AIR Reflections: Rita Schwab

Rita  Schwab has always loved to paint and do things with her hands. She has had a close connection to nature and the earth since childhood. Rita received her masters degree in Fiber Arts from FSU and has been a self-employed studio artist since the 80s. She shows her work locally, nationally and internationally in galleries, museums, juried fine art shows, and art cooperatives.

Rita was born in Heidelberg, Germany and is presently living in Englewood, Florida, and Mt. Tremper, New York. She is highly involved in the Hudson Valley art community, and even has a show in Phonecia at The Arts Upstairs that has run concurrently with her residency at Byrdcliffe.

See all of Rita’s work and happenings at her website:

What media do you work with?

I work in mixed media painting, fresco and  natural pigmentation

Do you think your work would have turned out differently if you were in a different environment?

Probably; influence of colors, plants, animals, peace.  Everything around you influences your perception, your mood, your expression.

What is your artistic process?

My work is very process oriented, starting from making my own painting surfaces. I work on wood using recycled hollow core doors for my larger works to keep the painting light weight.  I also construct series of square or round surfaces.

Lately I have been making small tiles from backy board for ‘canvases’. I prime the canvas, then give it a rough texture with joint compound to which the fresco can adhere. I have an idea of a design and do a lay-out of everything that will be part of the painting. Then I mix the fresco, having to work very fast doing the inlay work. While the fresco is still wet I can carve or etch into it.  Once dried but still moist, I begin to apply color with layers of oil washes.

I love the way the fresco absorbs the layers of paint and gives it a rich transparency.  Often I use organic pigments that I have extracted from plants or sand or ground bark to create color. I finish the painting with highlights of enamels and then I seal it with either a matte exterior stone sealer or a high gloss acrylic resin.

Do you make art purely for aesthetic purposes or do you create art to make a statement?

My art is a contemplation of nature versus man-made objects.  I strive to preserve the natural, hoping to create an awareness to the viewer. My art is also quite spiritual and healing.  I intend it to be used subliminal for meditation, reflection, balance and healing.  I often convey a spiritual message hoping to evoke a peace and a harmony that often lacks in people’s lives.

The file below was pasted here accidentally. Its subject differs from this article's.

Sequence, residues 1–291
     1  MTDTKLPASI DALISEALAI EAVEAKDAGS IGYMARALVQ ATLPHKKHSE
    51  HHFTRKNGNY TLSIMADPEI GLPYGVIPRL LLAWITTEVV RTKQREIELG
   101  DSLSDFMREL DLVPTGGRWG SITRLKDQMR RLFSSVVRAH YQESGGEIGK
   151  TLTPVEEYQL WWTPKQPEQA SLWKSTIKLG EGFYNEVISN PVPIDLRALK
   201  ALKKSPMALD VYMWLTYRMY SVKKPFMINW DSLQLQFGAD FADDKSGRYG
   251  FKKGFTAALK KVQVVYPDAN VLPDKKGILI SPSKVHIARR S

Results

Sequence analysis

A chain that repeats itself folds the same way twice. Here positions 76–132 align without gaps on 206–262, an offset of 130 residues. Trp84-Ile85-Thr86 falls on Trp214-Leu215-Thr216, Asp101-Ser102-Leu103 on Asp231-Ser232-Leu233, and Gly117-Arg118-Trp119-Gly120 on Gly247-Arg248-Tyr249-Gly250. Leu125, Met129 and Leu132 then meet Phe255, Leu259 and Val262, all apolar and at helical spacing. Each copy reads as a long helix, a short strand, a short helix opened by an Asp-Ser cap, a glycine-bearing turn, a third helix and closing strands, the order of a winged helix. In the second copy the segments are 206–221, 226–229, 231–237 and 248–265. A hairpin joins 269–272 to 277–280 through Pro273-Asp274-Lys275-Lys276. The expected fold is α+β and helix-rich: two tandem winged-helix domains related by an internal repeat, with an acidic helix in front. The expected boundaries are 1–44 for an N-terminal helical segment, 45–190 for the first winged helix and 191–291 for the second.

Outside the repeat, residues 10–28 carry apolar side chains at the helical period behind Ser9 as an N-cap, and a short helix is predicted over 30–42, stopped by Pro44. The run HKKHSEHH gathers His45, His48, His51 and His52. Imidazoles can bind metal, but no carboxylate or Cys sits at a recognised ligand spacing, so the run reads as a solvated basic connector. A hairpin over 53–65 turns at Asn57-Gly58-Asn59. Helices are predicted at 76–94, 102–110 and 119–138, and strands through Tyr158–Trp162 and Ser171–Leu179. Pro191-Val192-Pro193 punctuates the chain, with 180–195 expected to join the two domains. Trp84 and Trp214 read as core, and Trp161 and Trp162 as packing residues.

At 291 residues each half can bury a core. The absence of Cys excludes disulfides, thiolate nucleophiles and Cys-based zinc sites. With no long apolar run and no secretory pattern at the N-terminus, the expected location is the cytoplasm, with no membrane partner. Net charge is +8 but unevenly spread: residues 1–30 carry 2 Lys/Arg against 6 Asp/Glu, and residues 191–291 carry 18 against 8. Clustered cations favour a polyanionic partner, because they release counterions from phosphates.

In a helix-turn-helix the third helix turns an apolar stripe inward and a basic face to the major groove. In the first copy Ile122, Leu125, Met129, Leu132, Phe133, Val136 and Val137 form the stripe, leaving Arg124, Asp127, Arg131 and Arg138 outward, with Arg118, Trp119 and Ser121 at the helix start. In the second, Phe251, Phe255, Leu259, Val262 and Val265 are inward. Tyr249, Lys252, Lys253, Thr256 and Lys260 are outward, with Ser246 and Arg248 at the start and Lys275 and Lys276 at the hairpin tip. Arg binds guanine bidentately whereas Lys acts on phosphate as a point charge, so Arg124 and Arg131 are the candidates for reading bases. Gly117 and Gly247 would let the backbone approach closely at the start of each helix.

How do you balance your art practice with other obligations in your life, such as your job and family?

My art is my job.  I have been a full-time artist all of my life working in different mediums.  I was a fiber artist for 25 years and made good money. My ‘sacrifice’ was not art, but rather creating what people wanted to buy rather than what I wanted to make.

I have also led many workshops in ‘Natural Dyeing’, ‘Maskmaking’ and ‘Organic Sculpture’.  Presently I am teaching ‘Mixed Media Painting’ and ‘Mandala and Meditation’ in Florida. I was proud to be a studio artist while raising my 3 children.  That was a good choice, as I was working from home and could tend to them as needed.  As they became older, I engaged them in my craft and employed them for smaller jobs.  My daughter was a great sales person for some of my wholesale shows while I was a fiberartist. My art is changing as my needs in life are changing and the society is evolving.  I see us moving towards more community oriented art projects with interactive work of social content.  Spiritual awareness is a large part of that and as I strive to live a holistic life, I hope to find completion in my art and help others to find their joy.

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